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The usefulness of assembly today

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I have been looking at the assembly code use for the earlier versions of quake (not gl quake) and I was wondering if there is any use for assembly in games today now that we have graphics apis.

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For PC/Xbox games:

- Plain x86 code - no, the compilers do a very impressive job. Usually 100s of times better than an inexperienced assembly programmer, and often better than an experienced one!

- SSE/3DNow! - yes, although you can use intrinsics and provide compiler hints to take away the need to do them in pure assembler. It''s only worth using when you have a lot of data which needs a simple calculation applying repeatedly (for example transforming a 1000 vectors by a matrix for a physics routine).

- Shader assembler (vertex and pixel/fragment shaders) - yes, though its not really what I''d call "assembler", learning x86 isn''t going to help very much with it. The routines you write in shader assembler are very simple, and very short. And with the advent of HLSL, GL2, Cg etc even this will become less necessary.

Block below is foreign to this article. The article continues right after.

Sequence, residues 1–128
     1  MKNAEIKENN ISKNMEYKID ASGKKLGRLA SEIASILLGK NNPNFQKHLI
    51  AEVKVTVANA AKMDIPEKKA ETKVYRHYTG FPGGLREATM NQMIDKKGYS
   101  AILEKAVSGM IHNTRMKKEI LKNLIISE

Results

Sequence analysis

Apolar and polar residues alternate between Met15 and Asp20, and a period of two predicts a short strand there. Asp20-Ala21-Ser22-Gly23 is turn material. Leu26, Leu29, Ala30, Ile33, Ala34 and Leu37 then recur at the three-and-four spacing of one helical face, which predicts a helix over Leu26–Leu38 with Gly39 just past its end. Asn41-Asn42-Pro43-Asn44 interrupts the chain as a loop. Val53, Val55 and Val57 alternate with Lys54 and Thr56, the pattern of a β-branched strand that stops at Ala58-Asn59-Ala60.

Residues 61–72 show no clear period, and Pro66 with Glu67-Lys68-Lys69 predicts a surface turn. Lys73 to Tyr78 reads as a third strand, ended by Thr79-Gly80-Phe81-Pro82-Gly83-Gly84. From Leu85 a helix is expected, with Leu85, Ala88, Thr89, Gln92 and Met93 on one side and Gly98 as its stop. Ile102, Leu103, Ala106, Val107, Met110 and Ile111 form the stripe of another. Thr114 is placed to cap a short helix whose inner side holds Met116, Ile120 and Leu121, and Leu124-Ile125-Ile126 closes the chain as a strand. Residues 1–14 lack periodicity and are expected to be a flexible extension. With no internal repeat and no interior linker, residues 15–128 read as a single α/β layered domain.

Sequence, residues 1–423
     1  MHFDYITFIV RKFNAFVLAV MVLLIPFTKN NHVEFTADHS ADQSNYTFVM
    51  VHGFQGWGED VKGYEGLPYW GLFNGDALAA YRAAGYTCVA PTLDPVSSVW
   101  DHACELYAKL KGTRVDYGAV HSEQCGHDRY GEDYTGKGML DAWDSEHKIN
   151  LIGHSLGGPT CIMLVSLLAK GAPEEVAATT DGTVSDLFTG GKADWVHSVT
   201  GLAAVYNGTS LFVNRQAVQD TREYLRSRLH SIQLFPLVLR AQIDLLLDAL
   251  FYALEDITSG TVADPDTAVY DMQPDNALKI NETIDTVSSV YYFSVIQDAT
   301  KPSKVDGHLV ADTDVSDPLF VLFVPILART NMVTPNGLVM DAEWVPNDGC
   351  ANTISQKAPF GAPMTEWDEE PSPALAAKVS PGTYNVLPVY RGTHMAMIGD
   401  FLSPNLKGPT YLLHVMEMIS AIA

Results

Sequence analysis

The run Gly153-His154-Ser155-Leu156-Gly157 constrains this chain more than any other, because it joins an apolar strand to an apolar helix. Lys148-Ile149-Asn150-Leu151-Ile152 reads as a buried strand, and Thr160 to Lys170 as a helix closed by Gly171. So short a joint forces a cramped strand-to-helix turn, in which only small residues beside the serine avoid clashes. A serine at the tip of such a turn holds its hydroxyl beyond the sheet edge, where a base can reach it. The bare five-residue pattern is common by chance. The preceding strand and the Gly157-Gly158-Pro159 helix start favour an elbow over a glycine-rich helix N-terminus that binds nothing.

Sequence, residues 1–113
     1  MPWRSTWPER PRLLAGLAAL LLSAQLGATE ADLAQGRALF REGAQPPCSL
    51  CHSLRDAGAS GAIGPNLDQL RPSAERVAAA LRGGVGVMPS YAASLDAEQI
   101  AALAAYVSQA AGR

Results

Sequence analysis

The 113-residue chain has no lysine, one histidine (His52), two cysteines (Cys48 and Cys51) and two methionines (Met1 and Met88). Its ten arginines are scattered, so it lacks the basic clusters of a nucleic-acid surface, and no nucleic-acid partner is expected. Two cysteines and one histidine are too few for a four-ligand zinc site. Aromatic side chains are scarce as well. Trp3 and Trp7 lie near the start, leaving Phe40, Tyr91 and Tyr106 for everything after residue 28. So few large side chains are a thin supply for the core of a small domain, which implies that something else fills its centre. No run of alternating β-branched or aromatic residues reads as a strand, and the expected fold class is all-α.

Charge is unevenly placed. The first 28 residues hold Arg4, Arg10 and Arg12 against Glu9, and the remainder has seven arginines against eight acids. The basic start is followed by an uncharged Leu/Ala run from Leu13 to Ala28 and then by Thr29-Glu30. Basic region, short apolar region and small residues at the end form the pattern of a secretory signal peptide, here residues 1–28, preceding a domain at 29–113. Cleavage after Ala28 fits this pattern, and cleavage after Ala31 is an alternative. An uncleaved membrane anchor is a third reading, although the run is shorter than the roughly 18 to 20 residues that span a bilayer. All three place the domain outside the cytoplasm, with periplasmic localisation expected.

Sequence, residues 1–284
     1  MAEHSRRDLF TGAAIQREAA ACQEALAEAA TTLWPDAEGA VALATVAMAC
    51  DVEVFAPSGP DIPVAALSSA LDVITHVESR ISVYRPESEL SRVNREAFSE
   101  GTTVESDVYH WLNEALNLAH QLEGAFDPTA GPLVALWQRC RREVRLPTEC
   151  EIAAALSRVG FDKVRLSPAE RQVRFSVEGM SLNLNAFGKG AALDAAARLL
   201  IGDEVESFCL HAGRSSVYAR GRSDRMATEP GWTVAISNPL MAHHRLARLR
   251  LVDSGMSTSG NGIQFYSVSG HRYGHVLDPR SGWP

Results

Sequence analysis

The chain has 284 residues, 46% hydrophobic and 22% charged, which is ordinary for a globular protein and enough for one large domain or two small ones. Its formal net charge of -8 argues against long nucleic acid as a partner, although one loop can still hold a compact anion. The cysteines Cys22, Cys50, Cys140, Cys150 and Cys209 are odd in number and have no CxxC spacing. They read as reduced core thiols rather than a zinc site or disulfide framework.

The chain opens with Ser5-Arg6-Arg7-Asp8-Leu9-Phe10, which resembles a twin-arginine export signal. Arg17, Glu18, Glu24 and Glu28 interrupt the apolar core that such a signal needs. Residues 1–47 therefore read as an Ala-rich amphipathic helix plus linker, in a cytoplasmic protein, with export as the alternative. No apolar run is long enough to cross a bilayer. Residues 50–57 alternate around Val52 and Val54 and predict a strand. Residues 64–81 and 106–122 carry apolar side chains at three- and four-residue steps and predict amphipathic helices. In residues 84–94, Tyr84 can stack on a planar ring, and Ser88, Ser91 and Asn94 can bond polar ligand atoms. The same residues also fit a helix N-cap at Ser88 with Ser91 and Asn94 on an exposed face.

For PS2/GC games:

- Plain code - not much. Though the compilers aren''t as mature so sometimes the code can benefit from a look to see what''s been generated and what might need optimising.

- SIMD processing in the main code. Yes, occasionally, compilers still aren''t very good at vector code. *

- PS2 only: VU micromode coding - absolutely, yes. *

[* Codeplay''s VectorC is meant to do a pretty good job for this kind of stuff]

For GBA games:

- yes.

Having said that, if you''re wondering whether its worth learning, having an understanding of what happens "under the covers" can be useful for writing optimal high level code (e.g. "this structure is going to be terribly cache inefficient, I''ll reorder and pad it") and for debugging code (e.g. being able to track back from the asm instructions in a release build which crashes to C++ code using a mapfile).

Simon O''Connor
Creative Asylum Ltd

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You also may sometimes need the skills to just read assembly, in case your compiler has a bug and creates the wrong byte code (yes, it''s happened--MSVC 6.0 most recently, haven''t seen any problems in .NET yet). Having a general understanding of the lower assembly that''s (probably) being generated can help you become a better high-level programmer, e.g. knowing how C/C++ functions set-up and tear-down in assembly.

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Yes I would love to have an understanding of assembly. I have only heard bad things about it. What are the differences between MASM and gas? There is a ''gas2MASM'' convertor that is a part of the Quake source included in the download from id. It just converts gas to MASM.

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